Several European countries recently paused vaccinating their citizens with the Oxford-AstraZeneca (AZ) COVID-19 vaccine, in light of scattered reports that a few patients had developed blood clotting after being inoculated. Meanwhile, the continent has been experiencing a third wave of COVID-19 infections, hospitalizations, and deaths.
Now the European Medicines Agency has evaluated the risks and the benefits of being inoculated with the AZ vaccine. "The benefits of the vaccine in combating the still widespread threat of COVID-19 (which itself results in clotting problems and may be fatal) continue to outweigh the risk of side effects," it concludes. Furthermore, "The vaccine is not associated with an increase in the overall risk of blood clots…in those who receive it." The agency's Pharmacovigilance Risk Assessment Committee added that it "was of the opinion that the vaccine's proven efficacy in preventing hospitalisation and death from COVID-19 outweighs the extremely small likelihood of developing" blood clots.
The United Kingdom's Medicines and Healthcare Products Regulatory Agency notes that with 11 million doses of COVID-19 AZ vaccine administered so far, only five possible cases of blood clotting have been reported among the recipients.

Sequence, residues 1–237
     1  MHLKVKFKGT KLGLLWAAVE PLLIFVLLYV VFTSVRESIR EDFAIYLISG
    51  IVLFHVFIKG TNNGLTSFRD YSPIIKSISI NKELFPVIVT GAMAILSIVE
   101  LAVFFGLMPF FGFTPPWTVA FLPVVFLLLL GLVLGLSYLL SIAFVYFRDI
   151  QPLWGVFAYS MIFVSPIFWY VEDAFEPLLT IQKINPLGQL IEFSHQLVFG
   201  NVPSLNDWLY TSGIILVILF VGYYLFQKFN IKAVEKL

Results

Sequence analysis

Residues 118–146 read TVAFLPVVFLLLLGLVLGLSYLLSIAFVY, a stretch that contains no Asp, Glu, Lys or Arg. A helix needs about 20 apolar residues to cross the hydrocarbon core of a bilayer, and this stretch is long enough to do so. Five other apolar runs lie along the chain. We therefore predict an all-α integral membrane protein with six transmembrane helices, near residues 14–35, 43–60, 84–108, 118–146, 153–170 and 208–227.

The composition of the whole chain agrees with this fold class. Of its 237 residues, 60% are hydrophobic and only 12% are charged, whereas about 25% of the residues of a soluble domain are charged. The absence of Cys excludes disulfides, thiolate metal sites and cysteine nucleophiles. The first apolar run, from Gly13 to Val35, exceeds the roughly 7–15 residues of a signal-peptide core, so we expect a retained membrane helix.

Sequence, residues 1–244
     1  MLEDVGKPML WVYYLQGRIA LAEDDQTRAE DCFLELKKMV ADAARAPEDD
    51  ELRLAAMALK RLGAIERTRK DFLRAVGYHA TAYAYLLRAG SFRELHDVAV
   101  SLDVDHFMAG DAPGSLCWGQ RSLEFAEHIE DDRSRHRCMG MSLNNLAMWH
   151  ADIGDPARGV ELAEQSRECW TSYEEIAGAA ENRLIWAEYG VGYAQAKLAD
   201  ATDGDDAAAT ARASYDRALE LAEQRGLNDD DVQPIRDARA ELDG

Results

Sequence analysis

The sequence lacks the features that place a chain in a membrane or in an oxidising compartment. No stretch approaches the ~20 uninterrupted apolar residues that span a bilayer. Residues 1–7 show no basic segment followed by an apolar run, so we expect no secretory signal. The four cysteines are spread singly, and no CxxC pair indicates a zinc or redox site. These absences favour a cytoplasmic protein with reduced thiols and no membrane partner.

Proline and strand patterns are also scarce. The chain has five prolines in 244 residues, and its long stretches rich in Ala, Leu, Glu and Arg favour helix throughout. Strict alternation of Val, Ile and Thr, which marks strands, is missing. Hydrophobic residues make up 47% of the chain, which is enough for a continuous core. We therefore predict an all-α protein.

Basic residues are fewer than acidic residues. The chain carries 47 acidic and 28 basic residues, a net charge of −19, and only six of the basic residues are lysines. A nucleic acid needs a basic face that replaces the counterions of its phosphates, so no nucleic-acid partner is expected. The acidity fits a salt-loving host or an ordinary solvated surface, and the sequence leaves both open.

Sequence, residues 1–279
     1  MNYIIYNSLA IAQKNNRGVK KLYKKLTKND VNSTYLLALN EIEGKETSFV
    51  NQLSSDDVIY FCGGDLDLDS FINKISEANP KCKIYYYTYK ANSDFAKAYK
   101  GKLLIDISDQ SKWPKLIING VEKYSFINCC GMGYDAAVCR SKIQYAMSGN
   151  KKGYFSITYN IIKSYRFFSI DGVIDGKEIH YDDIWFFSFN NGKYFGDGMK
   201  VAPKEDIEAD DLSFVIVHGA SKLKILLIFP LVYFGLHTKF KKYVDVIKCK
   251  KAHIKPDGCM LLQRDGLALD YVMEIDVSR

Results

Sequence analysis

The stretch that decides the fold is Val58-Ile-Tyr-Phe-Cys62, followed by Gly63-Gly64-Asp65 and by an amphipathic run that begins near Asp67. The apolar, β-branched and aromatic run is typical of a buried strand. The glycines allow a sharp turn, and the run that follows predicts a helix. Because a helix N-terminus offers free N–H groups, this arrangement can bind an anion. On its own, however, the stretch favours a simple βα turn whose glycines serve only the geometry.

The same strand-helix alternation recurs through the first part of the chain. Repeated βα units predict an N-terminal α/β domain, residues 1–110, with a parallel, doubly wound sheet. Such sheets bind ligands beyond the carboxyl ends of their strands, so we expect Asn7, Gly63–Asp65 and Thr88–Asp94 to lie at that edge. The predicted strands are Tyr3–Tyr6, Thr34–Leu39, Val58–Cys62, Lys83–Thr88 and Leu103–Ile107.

One unfortunate side effect of the blood clot uproar will be a greater reluctance to get vaccinated with the AZ vaccine. Earlier this month, a Harris Poll in France found that just 43 percent of respondents trusted the AZ vaccine. A new poll by the Elabe Institute, published Tuesday, shows only 20 percent of the French people trusting the vaccine.
In his brilliant essay, "What is Seen and What is Unseen," the 19th century economist Frederic Bastiat pointed out that the favorable "seen" effects of any policy often produce many disastrous "unseen" consequences. Bastiat urges us "not to judge things solely by what is seen, but rather by what is not seen." Unfortunately, politicians in 16 European countries focused on the few "seen" blood clots while ignoring the "unseen" thousands of COVID-19 hospitalizations and deaths that timely vaccination could have averted.